Hugh Grant Explains Decision To Settle With The Sun In Privacy Case — Update

UPDATE, 2.58am, April 18: Hugh Grant has explained his decision to settle in his privacy case with the publisher of Rupert Murdoch’s tabloid The Sun, saying civil litigation rules in the UK forced his hand.

In a thread on social media, he wrote: “I don’t want to accept this money or settle. I would love to see all the allegations that they deny tested in court. But the rules around civil litigation mean that if I proceed to trial and the court  awards me damages that are even a penny less than the settlement offer, I would have to pay the legal costs of both sides.

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“My lawyers tell me that that is exactly what would most likely happen here. Rupert Murdoch’s lawyers are very expensive. So even if every allegation is proven in court, I would still be liable for something approaching £10 million in costs. I’m afraid I am shying at that fence.”

Grant claimed Murdoch had used this method to “settle over 1,500 claims” and seemed “remarkably determined that there shouldn’t be a trial of the facts.”

Paddington 2 and Notting Hill actor Grant said he would use the settlement money to fund groups such as Hacked Off, which was formed in response to the phone-hacking scandal that led to the closure of Murdoch’s News of the World newspaper in 2011.

“Murdoch’s settlement money has a stink and I refuse to let this be hush money. I have spent the best part of 12 years fighting for a free press that does not distort the truth, abuse ordinary members of the public or hold elected MPs to ransom in pursuit of newspaper barons’ personal profit and political power.

“So this money will repurposed via groups like Hacked Off into the general campaign to expose the worst excesses of our oligarch-owned press.”

A spokesperson for News Group Newspapers said “an unreserved apology” to victims of voicemail interception by the News of the World back in 2011 and has been paying financial damages “to those with proper claims” ever since.

“As we reach the tail end of litigation, NGN is drawing a line under disputed matters, some of which date back more than 20 years ago. In some cases, it has made commercial sense for both parties to come to a settlement agreement before trial to bring a resolution to the matter.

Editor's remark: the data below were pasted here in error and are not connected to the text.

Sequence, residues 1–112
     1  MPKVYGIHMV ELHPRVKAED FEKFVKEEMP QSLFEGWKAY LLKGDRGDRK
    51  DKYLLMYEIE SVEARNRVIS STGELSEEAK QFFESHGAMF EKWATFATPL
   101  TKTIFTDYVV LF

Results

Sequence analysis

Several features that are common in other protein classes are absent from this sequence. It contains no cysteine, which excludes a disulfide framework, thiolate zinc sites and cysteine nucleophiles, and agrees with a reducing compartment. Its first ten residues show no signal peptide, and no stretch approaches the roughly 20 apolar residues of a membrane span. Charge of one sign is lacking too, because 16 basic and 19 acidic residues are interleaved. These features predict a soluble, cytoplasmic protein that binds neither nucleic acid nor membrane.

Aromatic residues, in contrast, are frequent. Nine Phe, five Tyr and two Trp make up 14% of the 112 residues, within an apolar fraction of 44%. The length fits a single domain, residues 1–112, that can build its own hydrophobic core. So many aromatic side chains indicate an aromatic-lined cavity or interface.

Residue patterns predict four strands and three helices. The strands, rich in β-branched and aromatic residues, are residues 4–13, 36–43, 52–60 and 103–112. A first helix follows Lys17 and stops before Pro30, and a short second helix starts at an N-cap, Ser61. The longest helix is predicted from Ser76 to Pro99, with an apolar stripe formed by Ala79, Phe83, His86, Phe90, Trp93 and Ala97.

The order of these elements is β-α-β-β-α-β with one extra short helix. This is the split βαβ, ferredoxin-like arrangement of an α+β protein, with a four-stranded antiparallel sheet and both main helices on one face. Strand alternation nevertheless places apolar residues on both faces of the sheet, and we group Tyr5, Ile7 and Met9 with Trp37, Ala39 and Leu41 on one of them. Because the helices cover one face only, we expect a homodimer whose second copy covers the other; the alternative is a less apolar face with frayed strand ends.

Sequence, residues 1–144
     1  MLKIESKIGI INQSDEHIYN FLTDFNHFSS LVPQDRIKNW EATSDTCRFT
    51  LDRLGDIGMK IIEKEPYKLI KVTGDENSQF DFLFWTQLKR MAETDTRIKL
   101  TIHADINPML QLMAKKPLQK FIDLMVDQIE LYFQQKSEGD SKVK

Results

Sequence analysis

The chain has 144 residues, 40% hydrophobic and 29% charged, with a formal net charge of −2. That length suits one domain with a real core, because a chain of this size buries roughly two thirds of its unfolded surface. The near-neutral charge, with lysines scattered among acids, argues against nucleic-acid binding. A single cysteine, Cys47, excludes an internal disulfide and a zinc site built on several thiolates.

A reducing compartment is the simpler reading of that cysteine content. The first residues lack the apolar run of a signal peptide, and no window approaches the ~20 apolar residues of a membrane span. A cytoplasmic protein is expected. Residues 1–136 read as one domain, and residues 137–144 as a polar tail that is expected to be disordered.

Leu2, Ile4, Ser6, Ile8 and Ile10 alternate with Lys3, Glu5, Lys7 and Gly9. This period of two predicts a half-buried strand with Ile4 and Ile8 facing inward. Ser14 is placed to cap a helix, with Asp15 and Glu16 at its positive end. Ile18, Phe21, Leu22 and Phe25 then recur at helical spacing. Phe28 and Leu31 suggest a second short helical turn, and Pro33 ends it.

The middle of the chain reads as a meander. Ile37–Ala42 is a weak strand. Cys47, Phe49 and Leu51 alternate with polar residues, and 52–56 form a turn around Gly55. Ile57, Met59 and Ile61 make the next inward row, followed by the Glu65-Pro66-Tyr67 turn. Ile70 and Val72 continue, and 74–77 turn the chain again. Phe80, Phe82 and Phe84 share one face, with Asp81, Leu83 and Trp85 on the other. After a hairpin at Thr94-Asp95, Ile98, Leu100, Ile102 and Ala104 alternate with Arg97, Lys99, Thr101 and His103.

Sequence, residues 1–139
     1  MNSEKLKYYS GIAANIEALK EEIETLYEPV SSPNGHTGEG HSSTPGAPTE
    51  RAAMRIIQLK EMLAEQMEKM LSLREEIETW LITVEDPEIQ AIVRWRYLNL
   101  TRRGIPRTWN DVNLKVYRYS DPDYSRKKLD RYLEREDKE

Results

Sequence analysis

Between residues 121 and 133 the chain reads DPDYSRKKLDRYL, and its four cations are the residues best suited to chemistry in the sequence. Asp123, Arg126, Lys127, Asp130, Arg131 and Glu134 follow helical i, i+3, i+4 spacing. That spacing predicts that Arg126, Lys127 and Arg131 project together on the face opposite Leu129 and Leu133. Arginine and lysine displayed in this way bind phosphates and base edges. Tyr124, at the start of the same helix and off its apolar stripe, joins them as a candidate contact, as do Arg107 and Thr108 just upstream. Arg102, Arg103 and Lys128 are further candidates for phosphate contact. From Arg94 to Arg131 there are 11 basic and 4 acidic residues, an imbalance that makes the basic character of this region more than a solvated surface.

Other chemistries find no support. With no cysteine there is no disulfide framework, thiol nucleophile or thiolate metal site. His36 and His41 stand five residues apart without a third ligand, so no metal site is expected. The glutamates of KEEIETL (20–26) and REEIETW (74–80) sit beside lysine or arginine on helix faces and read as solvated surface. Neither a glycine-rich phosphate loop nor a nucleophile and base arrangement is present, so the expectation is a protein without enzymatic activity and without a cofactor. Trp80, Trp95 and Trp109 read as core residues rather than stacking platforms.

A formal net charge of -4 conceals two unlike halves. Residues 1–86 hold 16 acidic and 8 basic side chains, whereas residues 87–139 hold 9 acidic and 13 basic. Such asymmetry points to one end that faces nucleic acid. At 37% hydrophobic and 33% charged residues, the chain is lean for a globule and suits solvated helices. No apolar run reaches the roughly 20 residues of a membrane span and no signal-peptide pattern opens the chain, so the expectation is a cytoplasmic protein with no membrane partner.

“There are a number of disputed claims still going through the civil courts some of which seek to involve The Sun. The Sun does not accept liability or make any admissions to the allegations.

“A judge recently ruled that parts of Mr Grant’s claim were out of time and we have reached agreement to settle the remainder of the case. This has been done without admission of liability. It is in both parties’ financial interests not to progress to a costly trial.”

PREVIOUSLY, 3.56pm, April 17: Hugh Grant has settled in his privacy case with the publisher of Rupert Murdoch’s tabloid The Sun.

Grant, alongside the likes of Prince Harry, was suing News Group Newspapers (NGN) for alleged widespread unlawful information gathering. He claimed journalists used private investigators to tap his phone and burgle his house, his lawyer said in court documents on Wednesday, according to the BBC.

Grant’s case was one of several that became eligible to go to trial at London’s High Court in January. The terms of the settlement have not been made public.

Grant is a huge British movie star, featuring in Notting Hill, Four Weddings and a Funeral, Love Actually and Paddington 2 amongst others and winning a BAFTA for Four Weddings.

Grant was a victim of phone hacking more than a decade ago and has been one of the most vocal campaigners against the practice, which blew a hole open in the UK newspaper industry at the start of the last decade.

Prince Harry, meanwhile, has been involved with many such lawsuits and was recently awarded substantial damages from Mirror Group Newspapers. The Prince and a group including Elton John are suing the publisher of the Daily Mail over allegations of unlawful information gathering, which a judge recently ruled can go to trial.

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